A government-led, single-market system to procure exclusively from black farmers could promote local food systems, argues agricultural economist Malapane Thamaga. He serves as one of minister Thoko Didiza’s representatives on the Maize Trust.
The idea of strengthening local food systems has taken centre stage since the Covid-19 outbreak in 2020 with some emphasising that it promotes food security and food sovereignty, as well as the consumption of less processed and healthier diets.
The Food and Agriculture Organisation (FAO) defines food security as a situation whereby “all people, at all times, have physical, social and economic access to sufficient, safe and nutritious food which meets their dietary needs and food preferences for an active and healthy life”.
In contrast, food sovereignty speaks to a situation whereby communities have the power to democratically manage their productive food system resources such as land, water, and seeds, and to engage in trade on their own terms rather than being subjected to speculation through international commodity markets. Promotion of strengthened food systems aligns with the concept of food sovereignty and, by extension, sustainable production.
Deregulation in South Africa
When you engage academic writings in the agricultural economics field in South Africa, you often come across the emphasis that the deregulation of agricultural markets through the Marketing of Agricultural Produce Act of 1996 (MAP Act) has resulted in the dismantling of single-market channels to embrace the free-market system.
The assumption for the adoption of this policy was that it will help farmers drive for efficient ways to produce and be globally competitive. Indeed, this was achieved for commercial farmers, however, the same cannot be said about emerging farmers.
Similarly, the academic writings emphasise that the “South African agricultural sector remains dualistic, made up of successful white commercial farmers and struggling black smallholder farmers”.
Unfortunately, the policy reforms adopted by the new democratic government since 1994 have failed to develop black farmers and close this dualistic gap.
For far too long the focus has been on production support to empower black farmers through a number of tools, namely Recap, Casp, AgriBEE, Ilima Letsema, Mafisa, Sefa, IDC and the Land Bank to some extent. All of these tools have not yielded impactful results as was envisaged. To this end, the contribution of black farmers in the mainstream economy of the country remains minimal (if not negligible) with exceptions in cattle production.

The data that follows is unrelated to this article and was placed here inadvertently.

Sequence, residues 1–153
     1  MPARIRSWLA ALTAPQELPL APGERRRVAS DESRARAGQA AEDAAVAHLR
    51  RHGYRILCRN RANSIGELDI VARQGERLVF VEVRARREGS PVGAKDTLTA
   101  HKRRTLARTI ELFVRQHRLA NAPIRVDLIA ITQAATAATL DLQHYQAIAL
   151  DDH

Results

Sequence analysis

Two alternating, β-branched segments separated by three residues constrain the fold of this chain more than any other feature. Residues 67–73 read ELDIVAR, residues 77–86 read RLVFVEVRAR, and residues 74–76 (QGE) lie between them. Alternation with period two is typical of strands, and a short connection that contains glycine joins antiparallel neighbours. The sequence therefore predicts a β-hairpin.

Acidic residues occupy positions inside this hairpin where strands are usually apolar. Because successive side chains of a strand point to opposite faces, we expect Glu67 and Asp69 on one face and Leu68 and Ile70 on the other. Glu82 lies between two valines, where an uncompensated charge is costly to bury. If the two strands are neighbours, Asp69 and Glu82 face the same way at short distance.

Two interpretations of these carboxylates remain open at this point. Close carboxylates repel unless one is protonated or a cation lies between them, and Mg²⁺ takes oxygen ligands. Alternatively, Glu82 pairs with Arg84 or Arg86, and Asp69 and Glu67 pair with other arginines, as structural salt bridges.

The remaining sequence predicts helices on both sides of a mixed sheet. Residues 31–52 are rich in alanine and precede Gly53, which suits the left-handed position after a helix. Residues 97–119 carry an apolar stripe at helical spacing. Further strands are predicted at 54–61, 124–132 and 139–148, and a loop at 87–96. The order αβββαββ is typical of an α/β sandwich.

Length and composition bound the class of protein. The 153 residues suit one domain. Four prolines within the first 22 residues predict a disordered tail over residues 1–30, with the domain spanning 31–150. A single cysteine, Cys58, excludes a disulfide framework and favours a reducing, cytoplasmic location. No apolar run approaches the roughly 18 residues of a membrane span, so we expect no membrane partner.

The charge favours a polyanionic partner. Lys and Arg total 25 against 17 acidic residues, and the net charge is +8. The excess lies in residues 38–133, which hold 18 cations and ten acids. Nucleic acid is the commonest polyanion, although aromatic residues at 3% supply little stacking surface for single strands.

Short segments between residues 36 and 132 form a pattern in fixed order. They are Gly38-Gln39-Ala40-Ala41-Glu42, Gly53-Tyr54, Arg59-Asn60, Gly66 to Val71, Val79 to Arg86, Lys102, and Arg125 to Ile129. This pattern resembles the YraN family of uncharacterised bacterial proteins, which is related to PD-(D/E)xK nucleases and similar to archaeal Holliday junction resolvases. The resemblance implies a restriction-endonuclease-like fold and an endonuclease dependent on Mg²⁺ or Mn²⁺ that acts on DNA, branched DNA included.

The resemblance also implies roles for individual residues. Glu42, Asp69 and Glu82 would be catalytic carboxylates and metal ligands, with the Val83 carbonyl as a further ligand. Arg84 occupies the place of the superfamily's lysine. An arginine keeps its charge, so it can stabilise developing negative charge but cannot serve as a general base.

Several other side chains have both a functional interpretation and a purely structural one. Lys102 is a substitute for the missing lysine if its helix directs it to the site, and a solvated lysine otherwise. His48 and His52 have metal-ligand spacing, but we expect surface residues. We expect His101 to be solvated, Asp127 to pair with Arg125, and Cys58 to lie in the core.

There have also been some efforts to develop black industrialists by supporting participants in the agro-processing sector. However, the linkage between black-owned input suppliers, primary producers and agro-processors continues to be lacking as input suppliers struggle to enter an already concentrated market while agro-processors lack the needed throughput to even break even.
‘The invisible hand’
This has led to a closure of black-owned abattoirs, pack houses, feedlots, feed mixing facilities, millers, etc. The failure may be attributed to the free-market system as it assumes that the “invisible hand” will do the work. Unfortunately, it tends to favour big corporations more than local food producers due to economies of scale.
The free-market system is based on the classical economic theory which states that efficient and optimal conditions can be reached with markets and that consumers are sovereign. It further reaffirms that there are gains from trade by specialising in goods for which one is an efficient low-cost provider, having a comparative advantage. Therefore, there is no need for government intervention and hence the emphasis on the invisible hand.
All of these can only hold under a perfectly competitive market, among others. However, there is a high concentration of big firms or monopolies, hence the market failures. There thus is a case for government intervention to rectify these market failures.
It is safe to say that production-oriented support alone has not yielded adequate results in uplifting emerging farmers and strengthening local food systems. Accordingly, it is about time to explore other ways through which black farmers may be supported.
A market-first approach
One such method is by pulling the value chain rather than pushing it, through market-oriented support.
Government continues to be the biggest procurer of agricultural produce for school feeding, prisons, hospitals, SANDF, SASSA, etc. Yet black farmers are not benefiting from these markets. Government alone procures food and food-oriented services to the value of R10 billion annually.
Perhaps an introduction of a government-driven, single-market channel exclusively to empower black farmers, whereby farmers are given quotas to produce specific quantities for this market at a subsidised price, may be a way to go.
After all, the Marketing of Agricultural Produce Act of 1996 provides for this instrument in the form of a pooling system. In addition, the Preferential Procurement Policy (2005) provides a basis for the enforcement of such a policy.
Similarly, the department of social development, through the South African Social Security Service, may issue a portion of its grant as vouchers exclusively to purchase from local black farmers. Technology advancement must be exploited to link the beneficiary’s physical address with the registered producers in their area. In this way, government will be promoting food sovereignty and food security, and strengthening local food systems.
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